Is Soda The New Tobacco? Critics Link Marketing Motives Between Soda Pop Companies And Cigarette Manufacturers
A weak economy. Trouble in the Middle East. Rising gas prices. In some ways, 2012 is just like the early 1990's. Need one more item to add to that list of comparisons? Public health officials say that soda manufacturers - just like their cigarette-making cousins in the 1990's - are employing marketing tactics to sway public opinions on their products.
Recent calls to ban large-sized sodas is just the tip of the iceberg. Nutritionists cite the "empty calories" and massive sugar levels that soda packs. In some ways, it's not unlike the second-wave of news about the dangers of smoking.
Now public health advocates are arguing that when it comes to marketing strategies, soda is the new tobacco. But although there are some parallels, experts say comparing the food and tobacco industries can be like comparing apples to oranges…or cigarettes.
In an article published today in the journal PLoS, researchers argue that soda companies are using clever marketing strategies to distract consumers and regulators from the fact that their products have been implicated in rising rates of obesity, diabetes and other chronic diseases.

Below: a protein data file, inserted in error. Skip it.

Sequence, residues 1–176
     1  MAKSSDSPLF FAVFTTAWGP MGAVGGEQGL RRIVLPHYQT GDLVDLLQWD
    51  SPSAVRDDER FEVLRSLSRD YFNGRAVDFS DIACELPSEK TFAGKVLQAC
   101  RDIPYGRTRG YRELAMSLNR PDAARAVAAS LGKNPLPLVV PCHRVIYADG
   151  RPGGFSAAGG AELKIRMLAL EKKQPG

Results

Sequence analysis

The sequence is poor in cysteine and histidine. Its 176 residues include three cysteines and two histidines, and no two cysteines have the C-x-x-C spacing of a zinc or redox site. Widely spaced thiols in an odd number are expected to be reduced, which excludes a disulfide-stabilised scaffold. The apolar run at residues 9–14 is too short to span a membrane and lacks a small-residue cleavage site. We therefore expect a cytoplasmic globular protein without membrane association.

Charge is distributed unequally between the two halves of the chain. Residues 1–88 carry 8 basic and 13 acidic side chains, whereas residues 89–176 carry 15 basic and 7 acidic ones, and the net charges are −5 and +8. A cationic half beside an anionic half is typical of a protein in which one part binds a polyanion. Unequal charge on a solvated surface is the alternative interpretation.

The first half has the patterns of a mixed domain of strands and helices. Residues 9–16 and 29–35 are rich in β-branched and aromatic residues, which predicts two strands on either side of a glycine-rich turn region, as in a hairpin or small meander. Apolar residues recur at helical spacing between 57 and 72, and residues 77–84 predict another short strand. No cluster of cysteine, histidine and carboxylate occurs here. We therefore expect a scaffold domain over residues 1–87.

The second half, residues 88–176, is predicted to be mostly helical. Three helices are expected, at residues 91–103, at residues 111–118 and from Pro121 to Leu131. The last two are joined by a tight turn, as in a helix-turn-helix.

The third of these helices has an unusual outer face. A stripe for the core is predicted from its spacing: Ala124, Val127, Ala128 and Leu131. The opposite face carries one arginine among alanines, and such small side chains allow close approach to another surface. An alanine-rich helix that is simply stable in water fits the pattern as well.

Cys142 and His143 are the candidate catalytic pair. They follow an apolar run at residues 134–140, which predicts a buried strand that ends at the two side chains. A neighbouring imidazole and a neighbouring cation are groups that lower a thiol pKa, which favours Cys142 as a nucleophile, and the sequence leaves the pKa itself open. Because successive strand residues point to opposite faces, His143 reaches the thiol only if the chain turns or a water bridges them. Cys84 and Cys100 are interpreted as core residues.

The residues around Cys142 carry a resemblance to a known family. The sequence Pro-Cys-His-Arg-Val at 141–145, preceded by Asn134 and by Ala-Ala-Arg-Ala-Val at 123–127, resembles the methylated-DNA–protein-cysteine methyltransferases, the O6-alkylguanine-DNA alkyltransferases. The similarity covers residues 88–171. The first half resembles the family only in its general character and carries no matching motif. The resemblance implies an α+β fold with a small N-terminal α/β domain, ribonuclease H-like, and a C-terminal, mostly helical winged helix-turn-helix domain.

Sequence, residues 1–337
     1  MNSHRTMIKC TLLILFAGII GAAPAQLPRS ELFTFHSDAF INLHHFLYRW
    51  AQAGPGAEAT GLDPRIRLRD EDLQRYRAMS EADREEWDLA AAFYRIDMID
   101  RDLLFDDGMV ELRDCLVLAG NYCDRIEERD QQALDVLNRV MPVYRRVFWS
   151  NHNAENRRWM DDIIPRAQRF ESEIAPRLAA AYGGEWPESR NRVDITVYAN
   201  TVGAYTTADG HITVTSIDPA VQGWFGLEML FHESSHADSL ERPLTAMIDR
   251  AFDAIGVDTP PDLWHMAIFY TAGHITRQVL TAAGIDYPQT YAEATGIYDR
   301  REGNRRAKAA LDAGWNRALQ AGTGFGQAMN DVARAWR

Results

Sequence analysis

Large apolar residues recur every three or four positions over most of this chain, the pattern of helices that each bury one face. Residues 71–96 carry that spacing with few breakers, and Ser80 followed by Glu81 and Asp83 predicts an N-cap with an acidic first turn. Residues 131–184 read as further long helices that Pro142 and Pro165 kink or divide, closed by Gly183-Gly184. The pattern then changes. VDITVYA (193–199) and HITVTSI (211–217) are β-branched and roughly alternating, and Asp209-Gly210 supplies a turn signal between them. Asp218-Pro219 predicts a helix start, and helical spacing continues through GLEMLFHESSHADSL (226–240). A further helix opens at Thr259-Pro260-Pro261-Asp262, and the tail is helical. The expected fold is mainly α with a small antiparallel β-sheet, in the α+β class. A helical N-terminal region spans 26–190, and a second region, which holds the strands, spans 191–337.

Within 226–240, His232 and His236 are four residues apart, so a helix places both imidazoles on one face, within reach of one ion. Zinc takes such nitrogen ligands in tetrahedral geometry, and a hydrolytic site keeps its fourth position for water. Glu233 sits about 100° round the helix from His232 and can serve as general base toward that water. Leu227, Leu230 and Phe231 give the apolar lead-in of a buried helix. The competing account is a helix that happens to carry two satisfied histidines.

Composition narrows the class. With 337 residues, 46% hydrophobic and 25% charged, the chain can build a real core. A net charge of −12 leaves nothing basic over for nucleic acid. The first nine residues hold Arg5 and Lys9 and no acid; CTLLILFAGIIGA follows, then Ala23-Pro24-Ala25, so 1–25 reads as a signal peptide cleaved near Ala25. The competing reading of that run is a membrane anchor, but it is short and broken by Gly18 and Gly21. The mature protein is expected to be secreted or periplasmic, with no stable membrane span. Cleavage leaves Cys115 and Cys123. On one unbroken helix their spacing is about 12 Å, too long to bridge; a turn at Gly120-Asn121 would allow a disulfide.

By using corporate social responsibility campaigns, the authors claim that soda companies, like tobacco companies before them, are able to frame themselves as good global citizens, not the companies that make sugary drinks that fuel an obesity epidemic.
The soda industry hopes that the advertising and marketing dollars they're spending will get their side of the story heard. Or - at the very least, soften the blow of nutritional facts.
The authors argue that the campaign is the company's attempt to deflect blame for obesity away from their products and onto consumers, who should be exercising away the calories they get from sugary drinks.
"Of course there's nothing wrong with funding playgrounds, but they're doing it to distract people, which is exactly what is not needed in the middle of a health crisis," [Andrew] Cheyne, [a media researcher] said.
So what does it mean for you? Expect to see a lot of messages directed at you from various sources - from both camps. Bottom line, consumers need to be the ultimate gate-keeper when it comes to theri body.